The Open Ophthalmology Journal




ISSN: 1874-3641 ― Volume 14, 2020
REVIEW ARTICLE

Age-related Macular Degeneration (AMD): A Review on its Epidemiology and Risk Factors



Nasim Salimiaghdam1, #, Mohammad Riazi-Esfahani1, Paula S. Fukuhara1, Kevin Schneider1, M. Cristina Kenney*, 1, 2
1 Gavin Herbert Eye Institute, Department of Ophthalmology, University of California Irvine, Irvine,92697, California, USA
2 Department of Pathology and Laboratory Medicine, University of California Irvine, Irvine, 92697, California, USA

Abstract

Age-related Macular Degeneration (AMD) is a type of maculopathy that results in irreversible visual impairment among the aged population in developed countries. The early stages of AMD can be diagnosed by the presence of drusen beneath the retinal pigment epithelial (RPE) cells. The advanced stages of AMD are geographical atrophy (dry type) and neovascular AMD (wet type), which lead to progressive and severe vision loss. The advanced stage of dry AMD can be identified by extensive large drusen, detachment of the RPE layer and finally degeneration of photoreceptors leading to central vision loss. The late stage of wet AMD is diagnosed by the presence of Choroidal Neovascularization (CNV) identified by Optical Coherence Tomography (OCT) or retinal angiography. The principal of AMD management is to impede the progression of early AMD to advanced levels. Patients with CNV are treated with anti-VEGF (Vascular Endothelial Growth Factor) compounds to inhibit blood vessel growth and thereby reducing vision loss. Although preventive methods for dry AMD are under investigation, there are no proven effective treatments.

A variety of environmental and genetic related risk factors are associated with increased incidence and progression of AMD. The genetic factors are found in the complement, angiogenic and lipid pathways. However, environmental factors, such as smoking and nutrition, are also major risk factors. Smoking is a modifiable environmental risk factor, which greatly increases the incidence and progress of AMD compared to non-smokers. There is growing evidence for the positive influence of a healthy diet containing high levels of anti-oxidant supplements. The reduction of serum lipids is another effective strategy for prevention AMD. Although no single preventive approach has been identified, knowing the high risk factors of AMD, along with modification of lifestyle is important for this multifactorial disease, especially in populations with higher genetic susceptibility. Though recent progress in early diagnosis of the disease has facilitated early and efficient intervention, further studies are required to gain more clarification of specific pathophysiology.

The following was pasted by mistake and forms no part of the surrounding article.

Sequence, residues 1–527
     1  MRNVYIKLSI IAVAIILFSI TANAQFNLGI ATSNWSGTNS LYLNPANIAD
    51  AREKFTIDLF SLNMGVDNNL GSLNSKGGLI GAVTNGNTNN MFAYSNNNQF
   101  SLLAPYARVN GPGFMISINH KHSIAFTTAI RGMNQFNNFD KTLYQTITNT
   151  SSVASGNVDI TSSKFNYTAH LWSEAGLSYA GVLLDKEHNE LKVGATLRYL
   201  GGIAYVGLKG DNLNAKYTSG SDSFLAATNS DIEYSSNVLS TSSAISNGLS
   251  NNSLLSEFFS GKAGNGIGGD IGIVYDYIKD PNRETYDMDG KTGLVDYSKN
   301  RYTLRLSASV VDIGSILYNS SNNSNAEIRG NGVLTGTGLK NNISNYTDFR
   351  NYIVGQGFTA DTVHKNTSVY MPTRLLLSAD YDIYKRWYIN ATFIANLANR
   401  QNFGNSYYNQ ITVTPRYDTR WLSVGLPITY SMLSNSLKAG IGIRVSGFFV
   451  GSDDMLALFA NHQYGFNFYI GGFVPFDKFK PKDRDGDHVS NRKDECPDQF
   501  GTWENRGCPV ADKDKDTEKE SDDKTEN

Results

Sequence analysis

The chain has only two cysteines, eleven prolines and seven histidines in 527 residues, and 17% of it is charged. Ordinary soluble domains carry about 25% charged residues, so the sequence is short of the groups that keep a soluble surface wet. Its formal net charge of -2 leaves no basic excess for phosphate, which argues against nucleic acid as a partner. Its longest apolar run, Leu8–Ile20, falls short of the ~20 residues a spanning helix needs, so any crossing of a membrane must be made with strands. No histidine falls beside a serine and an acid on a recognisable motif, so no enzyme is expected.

In spite of decades of focused research on AMD, the pathogenesis of AMD is still not completely understood. Recently, numerous novel methods, including imaging techniques, new drug delivery routes, and therapeutic strategies, are improving the management of AMD. In this review, we discuss the current knowledge related to epidemiology and classifications of AMD.

Keywords: Age-related Macular Degeneration (AMD), Definition, Epidemiology, Risk factors, OCT, CNV.


Article Information


Identifiers and Pagination:

Year: 2019
Volume: 13
First Page: 90
Last Page: 99
Publisher Id: TOOPHTJ-13-90
DOI: 10.2174/1874364101913010090

Article History:

Received Date: 11/08/2019
Revision Received Date: 18/11/2019
Acceptance Date: 22/11/2019
Electronic publication date: 31/12/2019
Collection year: 2019

© 2019 Salimiaghdam et al.

open-access license: This is an open access article distributed under the terms of the Creative Commons Attribution 4.0 International Public License (CC-BY 4.0), a copy of which is available at: https://creativecommons.org/licenses/by/4.0/legalcode. This license permits unrestricted use, distribution, and reproduction in any medium, provided the original author and source are credited.


* Address correspondence to this author at the Gavin Herbert Eye Institute, University of California Irvine, Hewitt Hall, Room 2028, 843 Health Science Road, Irvine, CA 92697; Tel: (949) 824-7603; Fax: (949) 824-9626;
E-mail: mkenney@hs.uci.edu






1. INTRODUCTION: DEFINITION, EPIDEMIOLOGY AND RISK FACTORS

1.1. Definition

In developed countries, large proportions of the elderly population suffer from severe visual difficulties resulting from AMD and this trend is rising worldwide because of the growing number of older individuals [1Klein R, Klein BE, Knudtson MD, Meuer SM, Swift M, Gangnon RE. Fifteen-year cumulative incidence of age-related macular degeneration: The Beaver Dam Eye Study. Ophthalmology 2007; 114(2): 253-62.
[http://dx.doi.org/10.1016/j.ophtha.2006.10.040] [PMID: 17270675]
]. Based on a previous study, more than 1.75 million people in the United States are affected by AMD and it is estimated to reach almost 3 million by 2020 [2Owen CG, Fletcher AE, Donoghue M, Rudnicka AR. How big is the burden of visual loss caused by age related macular degeneration in the United Kingdom? Br J Ophthalmol 2003; 87(3): 312-7.